1567163121: Connecting bridge (step 2) azureiot-bridge (
    1567163181: Socket error on client local.TestDevice, disconnecting.
    1567163500: mosquitto version 1.6.4 starting
    1567163500: Config loaded from /etc/mosquitto/mosquitto.conf.
    1567163500: Opening ipv4 listen socket on port 1883.
    1567163500: Error: Address already in use

    Made the following changes in the mosquitto.conf file in /etc/mosquito/mosquitto.conf and then publishing messages worked to IOT hub

    # Bridge configuration
    connection azureiot-bridge
    log_type all
    address [IOT hub shortname]
    remote_username [IOT hub shortname][device-id]
    remote_password [sas-token]
    remote_clientid [device-id]
    bridge_cafile /home/MQTTbroker/cert1.pem
    try_private false
    cleansession true
    start_type automatic
    bridge_insecure false
    bridge_protocol_version mqttv311
    bridge_tls_version tlsv1.2
    notifications false
    notification_topic events/

    topic devices/[device-id]/messages/events/# out 1

    1. Thanks Asish.. good to know. I’ll update the sample with the tlsv1.2 setting. I know in many Azure services in general, we are removing TLS 1.0 as an accepted protocol, but I had been told that it didn’t apply to IoT Hub. Maybe that’s wrong. Also, regarding the api-version.. I believe that it has always worked without that for IoT Hub, but it was required for IoT Edge. And since it worked for both, I just left it in there. I’ll check and see if it’s still required for IoT Edge. I’d love to get rid of it 🙂

    2. how did you get to manage with
      1567163181: Socket error on client local.TestDevice, disconnecting.
      this error??

      because I’m getting
      1591598117: Connection Refused: not authorised
      1591598117: Socket error on client local.MQTTdevice, disconnecting.
      and don’t know why..
      any help..?

      1. You’ll need to share more details about your setup. Without posting any ‘secrets’, can you describe your setup, how you generated your certificates, your config.yaml parameters, your mosquitto conf, etc. Going to need more information to troubleshoot

  4. Hello Steve,
    Thanks for the great article, it helps us a lot.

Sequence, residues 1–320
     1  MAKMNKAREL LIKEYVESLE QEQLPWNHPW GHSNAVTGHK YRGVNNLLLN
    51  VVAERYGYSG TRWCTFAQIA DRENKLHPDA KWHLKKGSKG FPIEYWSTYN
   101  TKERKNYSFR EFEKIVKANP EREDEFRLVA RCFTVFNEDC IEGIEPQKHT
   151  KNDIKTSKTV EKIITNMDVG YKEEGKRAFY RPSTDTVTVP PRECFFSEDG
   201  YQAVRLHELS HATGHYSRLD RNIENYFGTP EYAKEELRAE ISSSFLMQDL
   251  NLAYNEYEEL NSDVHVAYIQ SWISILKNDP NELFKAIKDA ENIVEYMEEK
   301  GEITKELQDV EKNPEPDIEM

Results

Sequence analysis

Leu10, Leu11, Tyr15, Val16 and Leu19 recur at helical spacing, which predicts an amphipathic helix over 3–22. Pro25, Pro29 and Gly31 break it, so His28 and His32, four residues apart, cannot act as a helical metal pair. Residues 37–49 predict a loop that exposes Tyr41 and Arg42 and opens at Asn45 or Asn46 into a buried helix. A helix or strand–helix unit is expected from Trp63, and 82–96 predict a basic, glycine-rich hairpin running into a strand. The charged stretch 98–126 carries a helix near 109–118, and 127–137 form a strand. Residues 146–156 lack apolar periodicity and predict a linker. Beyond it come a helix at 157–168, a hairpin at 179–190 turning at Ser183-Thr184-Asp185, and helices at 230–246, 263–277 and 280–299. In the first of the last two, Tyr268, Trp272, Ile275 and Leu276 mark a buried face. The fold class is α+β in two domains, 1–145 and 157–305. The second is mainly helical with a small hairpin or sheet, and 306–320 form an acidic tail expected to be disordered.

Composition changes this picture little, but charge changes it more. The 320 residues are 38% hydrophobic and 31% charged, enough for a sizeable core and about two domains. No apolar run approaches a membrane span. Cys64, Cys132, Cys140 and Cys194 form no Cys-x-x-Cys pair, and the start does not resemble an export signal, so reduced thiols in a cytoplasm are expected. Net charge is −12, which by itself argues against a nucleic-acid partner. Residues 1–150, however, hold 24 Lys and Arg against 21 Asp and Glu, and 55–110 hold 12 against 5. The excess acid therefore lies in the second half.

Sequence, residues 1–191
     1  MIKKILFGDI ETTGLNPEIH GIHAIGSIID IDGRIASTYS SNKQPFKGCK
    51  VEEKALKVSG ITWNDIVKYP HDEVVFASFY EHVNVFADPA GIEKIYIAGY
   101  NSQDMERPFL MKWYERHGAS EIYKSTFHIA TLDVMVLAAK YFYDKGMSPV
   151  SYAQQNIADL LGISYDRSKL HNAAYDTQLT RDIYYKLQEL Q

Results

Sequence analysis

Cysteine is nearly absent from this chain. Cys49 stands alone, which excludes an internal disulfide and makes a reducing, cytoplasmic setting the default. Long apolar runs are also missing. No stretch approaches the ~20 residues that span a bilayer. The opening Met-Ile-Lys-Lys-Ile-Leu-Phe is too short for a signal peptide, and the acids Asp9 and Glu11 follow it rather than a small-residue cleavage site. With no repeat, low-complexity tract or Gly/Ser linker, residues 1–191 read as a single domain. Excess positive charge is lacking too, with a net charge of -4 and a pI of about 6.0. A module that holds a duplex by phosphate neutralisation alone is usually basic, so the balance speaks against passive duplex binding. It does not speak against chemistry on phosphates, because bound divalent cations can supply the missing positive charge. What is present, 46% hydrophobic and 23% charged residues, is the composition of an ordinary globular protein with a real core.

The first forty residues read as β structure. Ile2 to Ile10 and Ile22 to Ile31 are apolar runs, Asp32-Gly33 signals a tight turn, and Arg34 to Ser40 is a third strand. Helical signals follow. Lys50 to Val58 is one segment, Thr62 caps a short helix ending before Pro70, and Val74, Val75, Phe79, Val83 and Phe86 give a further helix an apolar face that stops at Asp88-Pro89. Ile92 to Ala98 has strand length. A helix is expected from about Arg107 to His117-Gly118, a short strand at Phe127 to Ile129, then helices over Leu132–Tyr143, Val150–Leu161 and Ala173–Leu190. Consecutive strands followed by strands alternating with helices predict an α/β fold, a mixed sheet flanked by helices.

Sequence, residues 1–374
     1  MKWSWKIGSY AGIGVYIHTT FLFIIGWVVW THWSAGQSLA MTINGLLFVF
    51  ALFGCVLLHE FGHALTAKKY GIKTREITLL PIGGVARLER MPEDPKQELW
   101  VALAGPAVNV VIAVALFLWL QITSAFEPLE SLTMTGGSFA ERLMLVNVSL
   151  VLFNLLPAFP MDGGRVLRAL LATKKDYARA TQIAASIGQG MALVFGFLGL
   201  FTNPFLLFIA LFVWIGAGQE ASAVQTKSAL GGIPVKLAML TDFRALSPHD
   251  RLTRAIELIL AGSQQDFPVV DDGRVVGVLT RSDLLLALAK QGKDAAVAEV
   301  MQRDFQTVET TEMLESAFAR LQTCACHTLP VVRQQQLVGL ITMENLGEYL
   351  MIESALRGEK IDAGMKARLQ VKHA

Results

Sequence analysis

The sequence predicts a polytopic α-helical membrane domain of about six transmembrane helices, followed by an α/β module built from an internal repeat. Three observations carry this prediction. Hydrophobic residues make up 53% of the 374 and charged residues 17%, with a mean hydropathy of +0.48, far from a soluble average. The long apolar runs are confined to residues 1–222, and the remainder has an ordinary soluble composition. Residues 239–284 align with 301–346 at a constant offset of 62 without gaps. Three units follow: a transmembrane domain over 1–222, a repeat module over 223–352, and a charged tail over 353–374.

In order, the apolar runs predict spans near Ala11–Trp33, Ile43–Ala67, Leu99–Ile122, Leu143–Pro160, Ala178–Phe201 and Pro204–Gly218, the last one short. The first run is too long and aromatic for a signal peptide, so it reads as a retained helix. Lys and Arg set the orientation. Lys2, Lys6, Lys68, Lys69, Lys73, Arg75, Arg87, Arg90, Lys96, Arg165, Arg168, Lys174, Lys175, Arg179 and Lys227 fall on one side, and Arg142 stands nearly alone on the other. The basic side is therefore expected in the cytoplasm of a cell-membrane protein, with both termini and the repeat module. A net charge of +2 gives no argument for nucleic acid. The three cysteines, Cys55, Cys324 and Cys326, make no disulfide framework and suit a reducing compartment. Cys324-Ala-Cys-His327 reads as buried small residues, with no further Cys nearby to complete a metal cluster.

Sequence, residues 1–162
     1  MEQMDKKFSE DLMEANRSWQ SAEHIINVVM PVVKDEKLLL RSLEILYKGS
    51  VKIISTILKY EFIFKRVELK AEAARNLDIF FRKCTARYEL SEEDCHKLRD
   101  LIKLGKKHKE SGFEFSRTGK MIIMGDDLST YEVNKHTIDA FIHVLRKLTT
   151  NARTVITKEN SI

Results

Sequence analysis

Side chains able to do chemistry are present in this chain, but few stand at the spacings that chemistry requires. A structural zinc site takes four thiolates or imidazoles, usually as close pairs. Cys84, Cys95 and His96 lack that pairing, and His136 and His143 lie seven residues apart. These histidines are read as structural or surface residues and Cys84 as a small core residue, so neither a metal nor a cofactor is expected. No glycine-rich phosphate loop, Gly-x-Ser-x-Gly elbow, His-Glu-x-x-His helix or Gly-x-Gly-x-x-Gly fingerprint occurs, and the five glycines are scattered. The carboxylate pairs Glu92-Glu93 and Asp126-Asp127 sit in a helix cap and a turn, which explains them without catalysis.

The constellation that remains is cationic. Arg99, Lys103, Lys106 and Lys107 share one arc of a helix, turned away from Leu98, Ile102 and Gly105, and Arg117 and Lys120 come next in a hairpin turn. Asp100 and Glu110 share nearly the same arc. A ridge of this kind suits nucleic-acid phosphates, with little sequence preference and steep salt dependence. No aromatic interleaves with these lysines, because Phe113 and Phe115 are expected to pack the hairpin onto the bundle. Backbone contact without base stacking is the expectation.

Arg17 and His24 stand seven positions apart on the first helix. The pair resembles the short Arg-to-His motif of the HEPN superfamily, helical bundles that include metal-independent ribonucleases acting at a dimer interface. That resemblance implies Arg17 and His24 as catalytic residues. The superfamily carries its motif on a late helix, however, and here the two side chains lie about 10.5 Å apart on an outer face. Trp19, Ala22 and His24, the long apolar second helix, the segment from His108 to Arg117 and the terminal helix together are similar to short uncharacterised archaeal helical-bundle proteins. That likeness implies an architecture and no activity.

Everything is working as expected for SAS device.
    In our use case, we are having a device created using X509 certificates in Azure IOT hub. Now how to use the device certificates in bridge configuration file to make the connection through mqtt client.
    Thanks in advance.

  5. Hi,

    I have the requirement where I am receiving the telemetry data from various devices on local network using mqtt protocol but to send it over to Azure IOTHub I need to use different protocol. I look at the IOTHub and it supports AMQP. So looking at the example where you are translating the messages, can we use some amqp client to send it to IOTHub.

    Tahnks in advance.

  6. Here is my Mosquitto broker Config file

    # Bridge configuration
    connection azureiot-bridge
    log_type all
    remote_password [sharedsignaturestring]
    remote_clientid GFG-MQTT
    bridge_cafile c:/Users/au911271/Desktop/TLSCertificate.pem
    try_private false
    cleansession true
    start_type automatic
    bridge_insecure false
    bridge_protocol_version mqttv311
    bridge_tls_version tlsv1.2
    notifications false
    notification_topic events/

    topic devices/GFG-MQTT/messages/events/# out 1

    I get the following error:
    1613361209: Connecting bridge azureiot-bridge (
    1613361209: Bridge GFG-MQTT sending CONNECT
    1613361209: Received CONNACK on connection local.GFG-MQTT.
    1613361209: Connection Refused: not authorised
    1613361209: Client local.GFG-MQTT closed its connection.
    1613361210: mosquitto version 2.0.7 terminating

    Any help will be highly appreciated

    1. Hey John,

      did you figure this out? The stuff I see above looks ok. How did you generate your ShareAccessSignature string? And what does it look like? (change a few random characters in the middle of it to make it invalid….)